Exeter Time Trails is grounded in research led by a Computer Scientist from University of Nottingham, Steve Benford, and myself, a researcher in Performance and New Media at University of Exeter.
Steve and I met in 2006 in Brighton at a Blast Theory workshop that I was researching for the AHRC-funded Presence Project, which investigated what constitutes presence in live, mediated and simulated environments. I subsequently spent over a year researching the development of Blast Theory’s Day of the Figurines, a pervasive game lasting 24 days and taking place through SMS. Steve and I were looking at how users engaged with a game that spanned physical and digital environments and we realised that their behaviour, as well as the design of the environment in itself, could be best described by what we subsequently called a theory of trajectories. We wrote a pilot article called ‘From Interaction to Trajectories’ (2009) and then wrote a book, Performing Mixed Reality (2009 MITP), entirely dedicated to introducing the framework in a number of contexts including performance art, games and even theme parks. Steve has since offered workshops on this framework at Microsoft (you can see him at http://research.microsoft.com/apps/video/default.aspx?id=155753) and we have both presented at various conferences in Performance, Museum Studies and Human Computer Interaction (HCI). Steve has also set up a Facebook page and a WordPress blog called Tra-jec-to-rize where you can peruse key concepts, graphs, case studies and various other materials. Finally, Blast Theory experimented with the use of trajectories in the museum with the piece Ghostwriter developed for RAMM’s re-opening.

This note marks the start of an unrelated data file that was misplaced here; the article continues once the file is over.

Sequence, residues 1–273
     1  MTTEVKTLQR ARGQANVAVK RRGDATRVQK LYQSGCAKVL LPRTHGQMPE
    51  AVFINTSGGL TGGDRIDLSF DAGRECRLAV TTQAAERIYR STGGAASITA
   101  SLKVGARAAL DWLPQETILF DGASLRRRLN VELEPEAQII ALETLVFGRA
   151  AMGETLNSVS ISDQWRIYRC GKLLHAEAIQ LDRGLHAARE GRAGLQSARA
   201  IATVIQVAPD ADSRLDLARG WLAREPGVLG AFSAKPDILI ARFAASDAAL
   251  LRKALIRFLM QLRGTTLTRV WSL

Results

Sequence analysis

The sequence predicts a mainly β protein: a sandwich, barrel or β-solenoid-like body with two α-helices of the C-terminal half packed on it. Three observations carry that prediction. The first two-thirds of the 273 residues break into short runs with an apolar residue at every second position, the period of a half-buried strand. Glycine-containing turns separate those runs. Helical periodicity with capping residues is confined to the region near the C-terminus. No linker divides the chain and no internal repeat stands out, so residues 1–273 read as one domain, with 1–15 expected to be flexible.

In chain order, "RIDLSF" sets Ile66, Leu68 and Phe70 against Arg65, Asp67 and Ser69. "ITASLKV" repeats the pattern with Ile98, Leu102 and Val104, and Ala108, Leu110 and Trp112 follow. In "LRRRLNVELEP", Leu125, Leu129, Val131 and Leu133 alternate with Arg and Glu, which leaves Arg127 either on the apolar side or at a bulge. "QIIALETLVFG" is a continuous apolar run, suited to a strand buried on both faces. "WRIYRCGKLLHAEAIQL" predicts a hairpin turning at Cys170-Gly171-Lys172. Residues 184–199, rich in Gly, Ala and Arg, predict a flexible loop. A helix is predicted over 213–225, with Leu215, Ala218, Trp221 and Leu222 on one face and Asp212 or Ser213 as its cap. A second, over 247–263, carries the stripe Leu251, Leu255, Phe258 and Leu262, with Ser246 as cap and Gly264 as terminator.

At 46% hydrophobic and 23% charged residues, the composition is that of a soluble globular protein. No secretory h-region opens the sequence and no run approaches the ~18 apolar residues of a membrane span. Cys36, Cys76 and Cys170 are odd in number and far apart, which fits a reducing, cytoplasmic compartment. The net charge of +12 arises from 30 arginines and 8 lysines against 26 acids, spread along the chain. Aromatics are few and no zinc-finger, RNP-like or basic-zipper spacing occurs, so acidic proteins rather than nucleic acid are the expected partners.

In brief, we think its is important to design user experiences that extend over time, space, multiple interfaces and roles which allow users to shift from participation to interaction, spectatorship to performance. We have looked at examples spanning mobile and pervasive media, tours, installations, games and performances. We have not as yet worked in schools and in the context of sport, which this project aims to do. Perhaps, most importantly, our framework attempts to advance writings about immersion and interaction to postulate what happens in augmented environments which span physical and digital worlds, possibly for prolonged periods of time. I am also very interested to see how this framework can be used to promote well-being – hence the emphasis on sport. In the context of the partnership with Exeter City F.C. Trust, well being is not just physical, as the trust and club clearly promote a community spirit that operates right across a number of fields.
At the heart of the theory is that experiences spanning physical and digital worlds can be best described as journeys and that these journeys can be designed through interweaving trajectories touching upon physical and digital spaces; covering a plurality (ecology) of interfaces; facilitating the adoption of a number of, more or less active, roles and occurring over prolonged periods of time where time itself is designed in such a way that users can keep in touch with these environments, not so much immersively or pervasively, but as part of their everyday life. This is the the principal body of research underpinning how we aim to turn RAMM’s existing time trails into Exeter Time Trails.